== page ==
Los Altos Patch will look at assorted day camps this summer. This is the first.
Camp Galileo, which turned 10 this year, is an art, outdoors and science program that operates in Los Altos and all around the Bay Area, from Corte Madera to Oakland to San Jose.
“I just love seeing education come alive for the kids,” said Jen Henzi, camp director at the Los Altos location at Almond Elementary School. Henzi is a second-grade teacher in Marin the rest of the year.
Students are split into three groups—nebulas (pre-kindergarten), stars (first- and second-graders), and supernovas (third-fifth-graders)—and then into smaller groups after that, with an 8-to-1 (student-to-adult) ratio, according to Henzi. Each week incorporates a theme, such as “Detective in Paris,” “We Built This City” and “Inventor’s Workshop”.
The staff includes a team leader, an intern and a credentialed teacher for each program. "It’s a very different and fun program," said Pamela Langford, a science and art K-8 teacher at Beechwood School in Menlo Park.
Some of the staff even started as a campers during its first years.
Hayley Stevens, a 2010 Los Altos High graduate, was a Camp Galileo camper when she was in fifth grade. She went from a camper to an intern and now is a team leader.
“I love working with the kids,” Stevens said. “A lot of these kids I’ve had for a few summers. It’s cool how a lot of the kids come back.”
On a recent visit, Patch watched instructor, Jessica Leone, lead her Supernova campers to build Rube Goldberg-inspired chain-reaction machines to be "booby traps" to capture the thief in Paris.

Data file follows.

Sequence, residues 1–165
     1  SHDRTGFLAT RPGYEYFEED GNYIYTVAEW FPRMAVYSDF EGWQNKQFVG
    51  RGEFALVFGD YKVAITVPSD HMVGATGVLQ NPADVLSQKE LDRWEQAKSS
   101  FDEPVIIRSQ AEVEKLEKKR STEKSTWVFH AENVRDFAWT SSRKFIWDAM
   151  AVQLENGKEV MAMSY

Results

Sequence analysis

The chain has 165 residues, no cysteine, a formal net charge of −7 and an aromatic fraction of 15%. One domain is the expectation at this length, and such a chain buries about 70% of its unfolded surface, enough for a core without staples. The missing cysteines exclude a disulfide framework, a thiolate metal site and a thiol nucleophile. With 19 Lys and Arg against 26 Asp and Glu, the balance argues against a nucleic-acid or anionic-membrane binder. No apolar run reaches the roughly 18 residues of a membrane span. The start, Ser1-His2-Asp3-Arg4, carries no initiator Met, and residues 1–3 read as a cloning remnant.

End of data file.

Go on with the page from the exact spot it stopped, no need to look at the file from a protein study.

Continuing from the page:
In the grades one-two group, instructor Nick Carillo helped campers with hats inspired by French Impressionist painter Berthe Morisset.
Nebula team leader Hadley Greswold was reading to a group of kindergartners in a British accent wearing a prince costume.
The children tend to sign up for multiple weeks and go back multiple summers, Henzi said.
“It’s my last week,” Supernova fifth-grader, Hannah Calhoun, said last Friday. “I’m sad. I don’t want to leave.”
Calhoun and others have the option to attend Galileo Summer Quest for fifth- through eighth-graders. The students have two weeks to learn about majors and minors, such as "Junior M.D." and "chefology."
The closest Summer Quest is in Palo Alto, Henzi said. Another option are the Tech Summer Camps for hands-on science and technology classes in San Jose at the Tech Museum.
For more information or to check availability, check Camp Galileo site.